Obsessive passions brings negative feelings and stress

Now in that, in the obsessive passion, negative feelings tend to increase as the season progresses. By the end of the season, you’ve got this big old stress ball who feels like they have to, and they fell short of their expectations because they didn’t necessarily reach their ego-fueled goals, and then you’ve got like 11, 12, 13 year old ball of stress disaster that you’re like, what do I do with this kid? She’s not happy. We’re doing this so she could be happy and she’s not happy. A lot of that is because of the type of passion that they’re run by because let’s face it, anybody who’s training 15+ hours a week, they’ve got some sort of passion driving them but what we want them to have is this harmonious type. Some people think that the obsessive passion is really helpful, and coaches are like, “I want them to be focused. I want them to feel like no, I can’t do that other activity. I’ve got to be here.” But the trouble with that is that it actually creates this horribly focused on outcomes type of kid who’s stressed out, tense, and makes mistakes, versus, encouraging them to have their own choice in the matter. It can give them ability to show up for themselves and to benefit for themselves instead of that whole “I gotta look good and what about my friends and what will my coaches think.” So this can also lead to tension and actually more likelihood of injury when an athlete is in this obsessive state.  

Whether or not you’re in obsessive passion

Here are some warning signs that your athlete is in obsessive passion or that you’re in obsessive passion.

  • You feel like you are physically and emotionally exhausted, like you’re totally running out of gas. If you think about your life as like a pie, how big of a slice is your activity or your sport? It shouldn’t be the whole thing. I know that’s hard to say because some of you guys listening are elite and world class athletes and world class coaches, it’s easy to say, “Well actually no, gymnastics is my whole pie.” Well, you do want to want to have other stuff in there. You know, friends, critical, especially in that 12 to 14, 15 age, if you don’t have solid social connections, it’s going to be very difficult to get yourself in harmony. You want to have school in there, obviously, so make sure that your sport isn’t too much of your pie that you’re not able to function otherwise.World class parent. Of course there are definitely world class parents in attendance. That’s why you’re here, because you care.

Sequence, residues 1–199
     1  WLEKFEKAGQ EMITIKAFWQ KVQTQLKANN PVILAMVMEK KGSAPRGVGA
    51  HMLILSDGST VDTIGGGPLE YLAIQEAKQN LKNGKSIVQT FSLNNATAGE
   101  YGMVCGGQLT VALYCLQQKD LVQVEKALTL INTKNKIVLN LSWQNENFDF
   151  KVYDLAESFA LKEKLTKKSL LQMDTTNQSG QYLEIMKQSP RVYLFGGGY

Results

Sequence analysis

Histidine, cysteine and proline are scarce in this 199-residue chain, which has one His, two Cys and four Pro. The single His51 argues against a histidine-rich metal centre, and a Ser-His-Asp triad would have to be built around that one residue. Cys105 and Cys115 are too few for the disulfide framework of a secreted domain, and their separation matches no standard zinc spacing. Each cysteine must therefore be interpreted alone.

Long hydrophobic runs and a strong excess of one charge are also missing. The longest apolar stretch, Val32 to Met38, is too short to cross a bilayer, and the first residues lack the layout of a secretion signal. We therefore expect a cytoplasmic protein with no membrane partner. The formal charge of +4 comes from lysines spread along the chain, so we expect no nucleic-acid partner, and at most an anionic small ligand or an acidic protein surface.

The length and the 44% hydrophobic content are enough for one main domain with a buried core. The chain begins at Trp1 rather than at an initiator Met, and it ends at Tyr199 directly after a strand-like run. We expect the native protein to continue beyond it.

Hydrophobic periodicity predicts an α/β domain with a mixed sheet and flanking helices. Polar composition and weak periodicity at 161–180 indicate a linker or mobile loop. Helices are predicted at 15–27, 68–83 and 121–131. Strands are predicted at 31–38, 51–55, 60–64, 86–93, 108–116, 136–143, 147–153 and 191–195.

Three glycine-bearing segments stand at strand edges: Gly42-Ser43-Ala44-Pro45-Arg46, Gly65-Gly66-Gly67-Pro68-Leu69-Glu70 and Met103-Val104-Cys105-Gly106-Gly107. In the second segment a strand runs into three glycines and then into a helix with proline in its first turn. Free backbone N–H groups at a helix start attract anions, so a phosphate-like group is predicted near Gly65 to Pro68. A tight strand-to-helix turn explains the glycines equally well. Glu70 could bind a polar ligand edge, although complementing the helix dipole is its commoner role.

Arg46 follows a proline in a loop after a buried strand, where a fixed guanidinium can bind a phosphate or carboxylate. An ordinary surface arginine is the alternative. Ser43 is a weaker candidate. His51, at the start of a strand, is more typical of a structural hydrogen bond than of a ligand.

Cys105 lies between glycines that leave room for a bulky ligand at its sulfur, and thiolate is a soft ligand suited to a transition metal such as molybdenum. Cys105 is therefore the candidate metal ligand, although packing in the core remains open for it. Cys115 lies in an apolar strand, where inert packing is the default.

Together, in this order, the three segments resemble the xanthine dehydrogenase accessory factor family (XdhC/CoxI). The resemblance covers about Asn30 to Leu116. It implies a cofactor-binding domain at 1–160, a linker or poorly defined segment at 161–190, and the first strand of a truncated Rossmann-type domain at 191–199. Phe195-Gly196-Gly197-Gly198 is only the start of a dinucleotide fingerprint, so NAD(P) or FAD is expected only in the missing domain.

• Negative self-image, so just seeing themselves poorly. “I failed. I’m not doing well. Nobody’s … ” Just seeing themselves in a really negative light. Also negative inner dialogue, so that’s going back to that “I have to, I should, I need to, I should have, I must, I gotta go, I just gotta, gotta go.” That’s the obsessive mind, where what we want it to be is “I want to, I get to. I can’t wait to. I’m excited to. I’m going to give it a good try. I can’t wait to get in and give it a shot.” That’s very different so if your kid is really stuck in that have to, should, need, arg! Then that’s the obsessive. That’s the kind that really fires you up in the wrong way. Although it seems like they’re really focused, it’s firing them up in the wrong way.
  • They have a compulsion to want to practice all the time. Even if they’re kind of miserable, they’re like, “I have to do this because I have to get it,” it’s that same kind of flustered energy. They’re not seeing the results that they want, and it’s having a huge impact on self-esteem. Also, if they’re not seeing flow, so that flow experience of just going and having a really solid routine or a really good practice.